Bitcoin Is a Bubble! And Other Crazy Things We’ve Heard
Bitcoin is a bubble! Bitcoin is a scam! Bitcoin is a Ponzi scheme! Bitcoin will crash soon! How many times have you heard these and similar comments from people who seem completely convinced they are right? Too many times, right? Well, me too. Bitcoin, and by extension the whole cryptocurrency industry, has been described as
Bitcoin is a bubble! Bitcoin is a scam! Bitcoin is a Ponzi scheme! Bitcoin will crash soon! How many times have you heard these and similar comments from people who seem completely convinced they are right? Too many times, right? Well, me too. Bitcoin, and by extension the whole cryptocurrency industry, has been described as the biggest bubble in recorded history by more people than we care to remember. Such statements are particularly bold considering that there have been some huge bubbles over the years, such as the Dutch tulip bubble of the 1630s, the Japanese real estate and stock market bubble of the 1980s, and the more recent dot-com bubble of the early 2000s. Will all these doubters become convinced that Bitcoin and the blockchain are here to stay and that ‘a bubble’ is the one thing it’s not?
Investment Titans To Tech Pioneers
When someone on Twitter comes out and condemns cryptocurrencies, or someone rants on Facebook about how it’s all about to come down before the year ends, we tend not to take them seriously. After all, which revolution ever garnered everyone’s support? We do our best to correct them and to enlighten them about the revolution that cryptos are part of, but that’s as far as it goes.
However, when one of the richest men calls Bitcoin a scam, it’s a different reaction altogether. Warren Buffet has been among the most vocal opponents of cryptocurrencies. Just recently, in an interview with Yahoo Finance, Buffet described cryptocurrencies as a game and a gamble, and interestingly added that “no one knows exactly what Bitcoin is.” This is not the first time Buffet has openly condemned cryptos; in the past, he’s referred to them as scams and the biggest bubble in history. In another interview earlier this year, he declared that he was certain that cryptos would come to a bad end. The most interesting part of that particular interview, which was conducted by CNBC, was when Buffet admitted to not knowing much about cryptos.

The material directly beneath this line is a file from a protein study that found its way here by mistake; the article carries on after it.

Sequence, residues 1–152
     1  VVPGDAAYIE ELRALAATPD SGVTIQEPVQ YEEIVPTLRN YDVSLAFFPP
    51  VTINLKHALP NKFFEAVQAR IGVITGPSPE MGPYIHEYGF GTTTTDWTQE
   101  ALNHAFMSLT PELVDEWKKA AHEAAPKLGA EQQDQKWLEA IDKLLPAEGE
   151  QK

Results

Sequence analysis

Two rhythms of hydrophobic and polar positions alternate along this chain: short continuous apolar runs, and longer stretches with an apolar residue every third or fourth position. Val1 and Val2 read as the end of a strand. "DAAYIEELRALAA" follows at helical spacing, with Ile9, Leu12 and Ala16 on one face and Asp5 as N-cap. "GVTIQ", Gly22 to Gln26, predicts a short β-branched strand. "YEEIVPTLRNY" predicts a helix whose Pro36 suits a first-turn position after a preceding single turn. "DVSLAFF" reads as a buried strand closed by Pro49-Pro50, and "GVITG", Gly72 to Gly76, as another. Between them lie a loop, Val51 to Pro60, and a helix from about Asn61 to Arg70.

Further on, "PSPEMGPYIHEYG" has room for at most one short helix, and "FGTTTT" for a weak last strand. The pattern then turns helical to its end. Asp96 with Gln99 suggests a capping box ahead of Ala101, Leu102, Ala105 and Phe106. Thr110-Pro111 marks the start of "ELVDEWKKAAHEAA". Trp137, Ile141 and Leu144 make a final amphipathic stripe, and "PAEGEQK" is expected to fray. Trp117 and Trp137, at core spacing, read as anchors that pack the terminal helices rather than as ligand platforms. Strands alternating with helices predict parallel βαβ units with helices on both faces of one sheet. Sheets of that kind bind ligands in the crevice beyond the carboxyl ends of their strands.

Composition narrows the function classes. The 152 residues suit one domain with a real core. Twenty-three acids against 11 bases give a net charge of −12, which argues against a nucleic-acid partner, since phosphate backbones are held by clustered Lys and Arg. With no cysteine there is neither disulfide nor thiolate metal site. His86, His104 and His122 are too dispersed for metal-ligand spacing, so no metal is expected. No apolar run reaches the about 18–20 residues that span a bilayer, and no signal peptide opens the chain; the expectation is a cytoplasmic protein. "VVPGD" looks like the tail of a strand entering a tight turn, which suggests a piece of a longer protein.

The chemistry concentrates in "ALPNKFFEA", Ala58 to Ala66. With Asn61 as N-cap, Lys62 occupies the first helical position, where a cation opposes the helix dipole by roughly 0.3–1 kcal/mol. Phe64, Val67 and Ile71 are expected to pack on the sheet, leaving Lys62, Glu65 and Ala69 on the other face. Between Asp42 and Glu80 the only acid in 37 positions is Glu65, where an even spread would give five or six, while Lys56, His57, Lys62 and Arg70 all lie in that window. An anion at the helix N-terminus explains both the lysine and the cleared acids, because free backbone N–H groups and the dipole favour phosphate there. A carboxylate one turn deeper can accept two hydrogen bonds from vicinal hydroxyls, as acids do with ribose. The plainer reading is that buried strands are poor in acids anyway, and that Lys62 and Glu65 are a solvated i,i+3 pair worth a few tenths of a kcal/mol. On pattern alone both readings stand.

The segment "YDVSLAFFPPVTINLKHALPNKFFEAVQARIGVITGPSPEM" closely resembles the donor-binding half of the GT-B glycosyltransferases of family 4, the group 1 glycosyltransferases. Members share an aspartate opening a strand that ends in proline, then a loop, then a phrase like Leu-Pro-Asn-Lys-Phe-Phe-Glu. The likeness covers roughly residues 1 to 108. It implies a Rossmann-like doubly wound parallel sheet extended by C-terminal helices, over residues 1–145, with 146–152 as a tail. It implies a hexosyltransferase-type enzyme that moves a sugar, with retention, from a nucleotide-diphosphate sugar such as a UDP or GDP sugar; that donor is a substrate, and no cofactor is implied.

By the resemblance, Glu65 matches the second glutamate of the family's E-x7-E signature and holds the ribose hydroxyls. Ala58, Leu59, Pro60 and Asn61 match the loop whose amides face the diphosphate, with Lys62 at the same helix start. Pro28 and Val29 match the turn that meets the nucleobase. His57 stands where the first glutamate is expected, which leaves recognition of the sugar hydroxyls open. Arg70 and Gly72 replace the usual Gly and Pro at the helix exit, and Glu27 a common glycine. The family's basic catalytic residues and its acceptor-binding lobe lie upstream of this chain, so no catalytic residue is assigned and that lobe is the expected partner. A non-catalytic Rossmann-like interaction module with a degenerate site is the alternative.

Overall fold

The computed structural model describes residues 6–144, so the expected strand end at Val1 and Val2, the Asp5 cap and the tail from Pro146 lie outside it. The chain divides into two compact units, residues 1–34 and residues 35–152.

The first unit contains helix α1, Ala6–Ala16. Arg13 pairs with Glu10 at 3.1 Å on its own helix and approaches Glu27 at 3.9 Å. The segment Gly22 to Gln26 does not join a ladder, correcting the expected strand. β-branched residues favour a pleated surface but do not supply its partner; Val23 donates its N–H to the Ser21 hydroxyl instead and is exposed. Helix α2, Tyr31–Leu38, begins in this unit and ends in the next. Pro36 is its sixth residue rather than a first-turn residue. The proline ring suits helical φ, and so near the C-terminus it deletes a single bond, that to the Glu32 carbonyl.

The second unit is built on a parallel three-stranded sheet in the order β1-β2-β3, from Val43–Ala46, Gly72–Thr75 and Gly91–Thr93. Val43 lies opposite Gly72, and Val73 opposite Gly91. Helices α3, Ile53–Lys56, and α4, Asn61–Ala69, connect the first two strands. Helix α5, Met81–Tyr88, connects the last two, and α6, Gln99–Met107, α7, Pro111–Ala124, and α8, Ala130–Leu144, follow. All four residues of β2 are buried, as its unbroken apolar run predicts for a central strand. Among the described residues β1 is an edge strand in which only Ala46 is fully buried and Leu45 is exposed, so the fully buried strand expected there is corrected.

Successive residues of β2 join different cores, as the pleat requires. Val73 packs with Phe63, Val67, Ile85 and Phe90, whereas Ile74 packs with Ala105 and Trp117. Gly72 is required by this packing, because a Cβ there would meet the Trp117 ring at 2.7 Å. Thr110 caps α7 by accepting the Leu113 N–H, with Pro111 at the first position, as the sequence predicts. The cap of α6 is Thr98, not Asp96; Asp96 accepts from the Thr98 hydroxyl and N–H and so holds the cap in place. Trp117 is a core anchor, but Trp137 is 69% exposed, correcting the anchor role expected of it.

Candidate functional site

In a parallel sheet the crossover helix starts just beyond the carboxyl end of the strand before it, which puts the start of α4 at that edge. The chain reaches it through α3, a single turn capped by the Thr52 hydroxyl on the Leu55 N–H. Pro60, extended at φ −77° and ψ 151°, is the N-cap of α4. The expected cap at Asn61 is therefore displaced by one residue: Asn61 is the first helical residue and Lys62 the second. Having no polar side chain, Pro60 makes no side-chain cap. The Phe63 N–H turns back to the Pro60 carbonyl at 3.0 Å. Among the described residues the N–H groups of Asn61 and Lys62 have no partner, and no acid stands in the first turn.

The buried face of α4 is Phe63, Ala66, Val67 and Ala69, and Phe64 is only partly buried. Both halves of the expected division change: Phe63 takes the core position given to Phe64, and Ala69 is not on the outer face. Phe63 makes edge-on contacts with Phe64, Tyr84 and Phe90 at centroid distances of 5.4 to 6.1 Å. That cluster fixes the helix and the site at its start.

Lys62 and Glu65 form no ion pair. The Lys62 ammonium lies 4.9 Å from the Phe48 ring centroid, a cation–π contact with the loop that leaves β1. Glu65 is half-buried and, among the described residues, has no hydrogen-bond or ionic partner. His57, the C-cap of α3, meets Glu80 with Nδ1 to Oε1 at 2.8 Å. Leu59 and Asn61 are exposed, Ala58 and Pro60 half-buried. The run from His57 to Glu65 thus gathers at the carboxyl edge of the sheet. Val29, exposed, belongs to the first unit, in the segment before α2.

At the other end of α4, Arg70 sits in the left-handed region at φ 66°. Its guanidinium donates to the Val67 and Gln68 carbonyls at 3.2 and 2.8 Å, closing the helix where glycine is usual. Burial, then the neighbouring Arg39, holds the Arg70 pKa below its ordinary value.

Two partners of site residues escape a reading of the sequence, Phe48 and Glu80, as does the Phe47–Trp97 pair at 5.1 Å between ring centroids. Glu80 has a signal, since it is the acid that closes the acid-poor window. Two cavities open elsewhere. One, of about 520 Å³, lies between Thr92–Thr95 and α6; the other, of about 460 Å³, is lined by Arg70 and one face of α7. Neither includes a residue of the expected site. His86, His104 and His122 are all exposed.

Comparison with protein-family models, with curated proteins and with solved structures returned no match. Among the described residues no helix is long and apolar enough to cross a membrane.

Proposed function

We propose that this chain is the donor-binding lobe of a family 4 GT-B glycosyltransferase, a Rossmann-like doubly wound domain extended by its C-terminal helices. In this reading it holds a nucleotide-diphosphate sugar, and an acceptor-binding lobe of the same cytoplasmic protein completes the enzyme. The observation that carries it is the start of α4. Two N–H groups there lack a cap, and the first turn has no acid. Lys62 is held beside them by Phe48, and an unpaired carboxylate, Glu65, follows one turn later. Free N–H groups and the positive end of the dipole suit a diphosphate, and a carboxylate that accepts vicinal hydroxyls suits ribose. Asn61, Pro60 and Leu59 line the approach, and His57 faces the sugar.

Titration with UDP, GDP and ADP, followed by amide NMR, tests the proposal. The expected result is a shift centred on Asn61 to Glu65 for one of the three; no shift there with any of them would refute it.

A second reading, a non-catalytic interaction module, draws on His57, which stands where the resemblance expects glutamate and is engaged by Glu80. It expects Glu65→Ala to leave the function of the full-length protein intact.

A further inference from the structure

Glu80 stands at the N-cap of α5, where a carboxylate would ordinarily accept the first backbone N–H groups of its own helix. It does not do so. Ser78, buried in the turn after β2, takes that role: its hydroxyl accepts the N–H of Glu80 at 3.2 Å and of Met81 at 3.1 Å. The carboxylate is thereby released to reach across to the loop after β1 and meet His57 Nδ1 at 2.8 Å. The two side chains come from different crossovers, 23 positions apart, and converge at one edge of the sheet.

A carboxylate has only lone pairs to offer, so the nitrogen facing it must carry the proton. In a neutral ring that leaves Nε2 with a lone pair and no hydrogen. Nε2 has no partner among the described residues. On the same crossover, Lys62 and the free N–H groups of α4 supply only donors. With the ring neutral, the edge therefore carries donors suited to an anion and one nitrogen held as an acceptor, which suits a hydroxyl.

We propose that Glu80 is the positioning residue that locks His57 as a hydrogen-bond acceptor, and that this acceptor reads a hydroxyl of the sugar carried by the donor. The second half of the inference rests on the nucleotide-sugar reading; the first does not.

Buffet is not alone in condemning cryptos. Less than a week ago, former PayPal CEO Bill Harris described Bitcoin as the biggest scam in history. In a blog post, Harris, who was also one of the founders of PayPal, described Bitcoin as a colossal pump and dump scheme, “the likes of which the world has never seen.” His sentiments are echoed by Jeffrey Robinson, a renowned journalist whose book, “BitCon”, was intended to discredit Bitcoin as far back as 2014. In his book, Robinson described Bitcoin as a pretend currency which has no real use and which won’t be accepted by the masses. That was back in 2014 when the price of Bitcoin was below $1,000 and when not many people in the world had embraced cryptos. Robinson is, however, unmoved, and in an interview earlier this year with CNBC, he called Bitcoin a loaded roulette wheel.
You’re better off in Vegas. The food is better.
The condemnation has not been left to prominent individuals alone. Some major global institutions have also made their stands against cryptos known, one of which is the Bank for International Settlements (BIS). BIS, which facilitates international monetary and financial cooperation, came out and condemned cryptos as a “combination of a bubble, a Ponzi scheme and an environmental disaster.” Its general manager, who doubles as the governor of the Bank of Mexico, questioned the sustainability of cryptos and called on authorities to clamp down on the crypto industry.
Munich-based global investment giant Allianz, which has over $81 billion worth of investment, has come out and condemned cryptos as well. Its head of strategy described cryptos as a bubble, saying that despite their liquidity, they lack intrinsic value. The firm went on to state that Bitcoin’s demise would have a negligible spillover effect on the ‘real world’, as the market capitalization of cryptos is still relatively small.